Unearthing The Metal Underground: The Genre-Blending And Trend Ignoring Scene
Band Photo: Germ (?)
The big name metal bands may get most of the spotlight, but Metallica and Black Sabbath are just the tip of the heavy iceberg. Every week we search out and share lesser known or unsigned acts that deserve to be heard by a wider audience. For today’s edition of Unearthing the Metal Underground you’ll get a dose of metal that bucks specific trends and expresses a heavy sound in unexpected ways.
For all the focus on rebellion and the disdain for conformity, heavy metal is undeniably a style of music that breaks down into very regimented genres – black metal, thrash, grindcore, etc. There tends to be a rigid confinement that bands are expected stay within when creating music, and stepping outside those boundaries either leads to derision by hordes of anonymous Internet posters, or the formation of yet another sub-genre.
While there’s a whole division of metal devoted to ignoring those boundaries (prog and avant-garde), some bands simply blur the lines between styles naturally and don’t easily fit in one recognizable category. Breaking the strictures set down by the worldwide conclave of elitist metalheads , these three bands start with a standardized form of metal and then head in unexpected directions that set them apart and make them unique.
The solo band from Tim Yatras of Austere and Woods of Desolation, Germ is a project that exudes a pure love of music, no matter where the sonic inspiration originally comes from. Starting out with a highly atmospheric form of black metal using totally indecipherable vocals, the act then blends in shades of rock and other mainstream elements, including the use of clean singing. Going even a step further, the new album “Wish” mixes in trance and electronic elements, at times sounding almost like an ‘80s movie soundtrack. In a nod to the black metal roots, there is a bit of a lo-fi aura filtering everything, and the harsh vocals screech out from the background, just barely breaking out of the surrounding noise.
What’s interesting about Germ is that its particular blend of these styles rarely sounds like anything else out there. The collision of trance and black metal sounds essentially nothing like Nachtmystium’s forays into similar territory, and it also never falls into any resembling the dance metal or dubstep collaborations that have become par for the course lately.
For a condensed look at this intriguing mixup, check out the four minute track “Asteroid of Sorrow” below, or for a longer float down the cosmic highway that is Germ, instead dive headfirst into the 10 minute sublime ride “An Overdose on Cosmic Galaxy.” To check out more from Germ, head over to the band’s Facebook profile.
“An Overdose on Cosmic Galaxy”
“Asteroid of Sorrow”
The House of Capricorn
If black metal isn’t your thing, but you still want a darker atmosphere in your extreme metal, then The House of Capricorn may be more to your liking. The band starts its sonic adventures in the murky waters of stoner doom, where 10 minute songs are to expected, and then shakes up the songs with one part occult rock (along the lines of Ghost) and two parts Type O Negative/Peter Steele worship.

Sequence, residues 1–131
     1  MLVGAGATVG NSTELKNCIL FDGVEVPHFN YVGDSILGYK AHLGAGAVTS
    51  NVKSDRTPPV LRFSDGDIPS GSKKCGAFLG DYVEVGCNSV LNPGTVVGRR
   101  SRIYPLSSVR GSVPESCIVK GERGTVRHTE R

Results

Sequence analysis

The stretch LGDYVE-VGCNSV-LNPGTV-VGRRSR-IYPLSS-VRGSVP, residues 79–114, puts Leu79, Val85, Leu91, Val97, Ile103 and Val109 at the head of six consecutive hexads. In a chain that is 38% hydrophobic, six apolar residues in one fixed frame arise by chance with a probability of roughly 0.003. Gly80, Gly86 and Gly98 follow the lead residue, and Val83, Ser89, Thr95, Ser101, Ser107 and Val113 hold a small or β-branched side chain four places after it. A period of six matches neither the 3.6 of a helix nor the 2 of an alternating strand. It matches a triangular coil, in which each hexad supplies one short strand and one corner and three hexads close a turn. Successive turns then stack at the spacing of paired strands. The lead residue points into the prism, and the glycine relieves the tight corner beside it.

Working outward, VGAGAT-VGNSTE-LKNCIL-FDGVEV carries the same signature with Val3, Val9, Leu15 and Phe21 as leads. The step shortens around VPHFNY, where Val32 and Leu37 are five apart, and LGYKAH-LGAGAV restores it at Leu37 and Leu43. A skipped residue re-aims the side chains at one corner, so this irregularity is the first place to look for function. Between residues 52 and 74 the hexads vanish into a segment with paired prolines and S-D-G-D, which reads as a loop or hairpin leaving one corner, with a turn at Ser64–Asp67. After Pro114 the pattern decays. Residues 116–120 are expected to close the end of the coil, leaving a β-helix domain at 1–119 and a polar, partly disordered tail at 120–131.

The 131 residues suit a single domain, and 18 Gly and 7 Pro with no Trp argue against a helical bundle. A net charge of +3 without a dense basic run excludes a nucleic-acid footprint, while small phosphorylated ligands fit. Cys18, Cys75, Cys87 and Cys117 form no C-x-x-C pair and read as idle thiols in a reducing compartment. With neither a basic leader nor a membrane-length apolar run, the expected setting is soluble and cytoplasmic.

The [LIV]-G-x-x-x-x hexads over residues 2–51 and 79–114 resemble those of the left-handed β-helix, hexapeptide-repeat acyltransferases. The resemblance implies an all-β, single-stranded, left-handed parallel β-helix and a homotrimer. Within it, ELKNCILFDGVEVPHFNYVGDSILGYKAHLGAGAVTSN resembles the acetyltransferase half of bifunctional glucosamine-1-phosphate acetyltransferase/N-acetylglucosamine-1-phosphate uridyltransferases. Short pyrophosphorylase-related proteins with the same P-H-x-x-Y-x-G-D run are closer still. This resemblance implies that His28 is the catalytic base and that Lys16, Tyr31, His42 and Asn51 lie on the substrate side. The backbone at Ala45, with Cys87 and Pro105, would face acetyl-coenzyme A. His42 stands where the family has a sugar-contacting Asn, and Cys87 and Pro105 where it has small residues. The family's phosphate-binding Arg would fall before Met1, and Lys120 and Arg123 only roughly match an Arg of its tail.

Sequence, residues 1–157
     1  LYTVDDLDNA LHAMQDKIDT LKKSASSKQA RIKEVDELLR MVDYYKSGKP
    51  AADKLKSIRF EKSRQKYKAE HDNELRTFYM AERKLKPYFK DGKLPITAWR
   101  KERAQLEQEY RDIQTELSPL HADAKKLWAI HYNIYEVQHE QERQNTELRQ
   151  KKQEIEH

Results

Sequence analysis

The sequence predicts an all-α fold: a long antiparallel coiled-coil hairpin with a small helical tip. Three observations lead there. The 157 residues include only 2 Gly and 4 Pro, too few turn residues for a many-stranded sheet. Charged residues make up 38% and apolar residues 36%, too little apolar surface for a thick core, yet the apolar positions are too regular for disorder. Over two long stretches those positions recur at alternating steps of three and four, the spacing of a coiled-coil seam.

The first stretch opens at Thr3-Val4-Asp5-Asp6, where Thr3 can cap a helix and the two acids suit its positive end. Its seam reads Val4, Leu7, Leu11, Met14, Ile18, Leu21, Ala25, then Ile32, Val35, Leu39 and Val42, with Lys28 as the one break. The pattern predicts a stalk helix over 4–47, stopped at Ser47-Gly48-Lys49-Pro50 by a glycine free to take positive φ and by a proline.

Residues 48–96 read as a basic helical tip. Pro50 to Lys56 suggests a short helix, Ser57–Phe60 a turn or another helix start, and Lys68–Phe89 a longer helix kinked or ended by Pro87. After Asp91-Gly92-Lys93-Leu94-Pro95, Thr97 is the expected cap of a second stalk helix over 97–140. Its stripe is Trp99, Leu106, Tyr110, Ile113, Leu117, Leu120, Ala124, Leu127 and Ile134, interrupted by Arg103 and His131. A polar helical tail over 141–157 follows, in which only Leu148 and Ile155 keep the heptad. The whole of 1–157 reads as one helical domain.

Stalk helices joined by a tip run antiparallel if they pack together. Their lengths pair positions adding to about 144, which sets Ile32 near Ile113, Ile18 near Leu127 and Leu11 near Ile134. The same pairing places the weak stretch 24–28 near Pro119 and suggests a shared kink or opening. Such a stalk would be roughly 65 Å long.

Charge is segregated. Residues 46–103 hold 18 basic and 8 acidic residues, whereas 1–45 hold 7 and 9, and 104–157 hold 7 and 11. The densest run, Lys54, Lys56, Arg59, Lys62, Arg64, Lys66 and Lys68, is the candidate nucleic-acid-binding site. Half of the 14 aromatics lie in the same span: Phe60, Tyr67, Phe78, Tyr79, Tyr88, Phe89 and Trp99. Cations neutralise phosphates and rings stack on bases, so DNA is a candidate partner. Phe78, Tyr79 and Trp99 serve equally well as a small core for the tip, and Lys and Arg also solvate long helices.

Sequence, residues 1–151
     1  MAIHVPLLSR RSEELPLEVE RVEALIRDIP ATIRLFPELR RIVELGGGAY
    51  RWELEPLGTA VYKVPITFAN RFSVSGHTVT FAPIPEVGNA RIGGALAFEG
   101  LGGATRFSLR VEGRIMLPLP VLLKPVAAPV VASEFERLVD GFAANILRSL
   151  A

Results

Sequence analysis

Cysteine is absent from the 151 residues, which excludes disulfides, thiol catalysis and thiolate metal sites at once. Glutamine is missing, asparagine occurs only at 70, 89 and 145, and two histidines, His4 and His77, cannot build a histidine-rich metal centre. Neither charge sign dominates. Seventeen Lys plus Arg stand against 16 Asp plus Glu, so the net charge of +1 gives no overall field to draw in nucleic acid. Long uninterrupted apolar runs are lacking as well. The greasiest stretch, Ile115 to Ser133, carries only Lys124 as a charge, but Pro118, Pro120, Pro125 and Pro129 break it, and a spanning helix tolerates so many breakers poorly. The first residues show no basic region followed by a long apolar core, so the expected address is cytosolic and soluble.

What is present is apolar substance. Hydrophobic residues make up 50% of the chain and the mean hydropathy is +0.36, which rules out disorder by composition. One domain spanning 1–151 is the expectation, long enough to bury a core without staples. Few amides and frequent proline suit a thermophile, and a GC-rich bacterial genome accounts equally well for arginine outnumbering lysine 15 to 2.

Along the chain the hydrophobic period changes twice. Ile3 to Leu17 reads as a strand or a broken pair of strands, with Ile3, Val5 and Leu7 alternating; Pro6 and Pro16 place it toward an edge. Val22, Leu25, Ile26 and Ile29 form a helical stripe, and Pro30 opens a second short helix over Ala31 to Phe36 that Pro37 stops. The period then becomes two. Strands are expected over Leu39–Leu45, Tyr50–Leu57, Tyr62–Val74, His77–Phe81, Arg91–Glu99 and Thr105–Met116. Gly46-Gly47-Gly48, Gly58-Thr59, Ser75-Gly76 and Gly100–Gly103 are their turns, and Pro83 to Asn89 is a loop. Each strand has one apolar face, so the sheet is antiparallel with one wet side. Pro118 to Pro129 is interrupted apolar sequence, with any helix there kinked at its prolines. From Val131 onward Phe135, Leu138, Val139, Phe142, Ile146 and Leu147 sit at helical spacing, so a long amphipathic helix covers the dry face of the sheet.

The House of Capricorn currently has two full-length albums outs: “Sign of the Cloven Hoof” and “In the Devil’s Days” (reviewed here). The band has no qualms about placing long, slow, and doomy songs side by side with up-tempo, anthemic tracks (if you didn’t know what you were listening to, it would be hard to immediately tell the first and second songs off “In The Devil’s Days” came from the same band).
Check out the entire slow motion gothic assault that is “In The Devil’s Days” through the bandcamp player below.
From the corpse paint to the unwieldy spiked gauntlets (how you’re supposed to drive or play an instrument with those things on isn’t entirely clear…), black metal isn’t known for its restraint or unwillingness to appear silly to the outside world. If I had a nickel for every picture floating around the Internet of Dani Filth or Galder making hilariously weird faces on stage, well, you get where I’m going with this.
Taking this lack of self-consciousness to a degree that can’t be matched by many other bands is Vintage Flesh, which goes way, way past even the normally over-the-top and high pitched vocals of black metal. While not as unlistenable as some of the more insane grindcore growls, the screeches and wails of Vintage Flesh are frankly bizarre in the extreme, and even die-hard black metal fans are likely to be left scratching their heads.
It’s almost like the sounds are supposed to be some sort of statement about how metal shouldn’t take itself too seriously, but after awhile somehow these scratchy screams click and actually start to fit amazingly well with the music. Looking beyond the bombastic and ridiculous vocals, the music itself also has an atmosphere that’s by turns darkly Gothic and then depressive to a suicidal degree.
On the full-length front, Vintage Flesh released “The Eyes that Glared at my Agonies” (reviewed here) and “Hour of the Night Gaunts” before changing names to Inverticrux. I’m not sure how it’s even possible, but Inverticrux is actually even a bit more over the top than Vintage Flesh. Check out the insanity in the YouTube clips below.
“Not to Die Until It Is Done”
“Priest Skin Ship”
“Cult Crashers” by Inverticrux
The metal-verse is a huge place, and undoubtedly there are a score or more of bands that twist the standard genre formulas in interesting ways. Share your favorite picks for underground bands that buck the norm in the comments below, and check back next Monday as we continue to unearth more underground metal.
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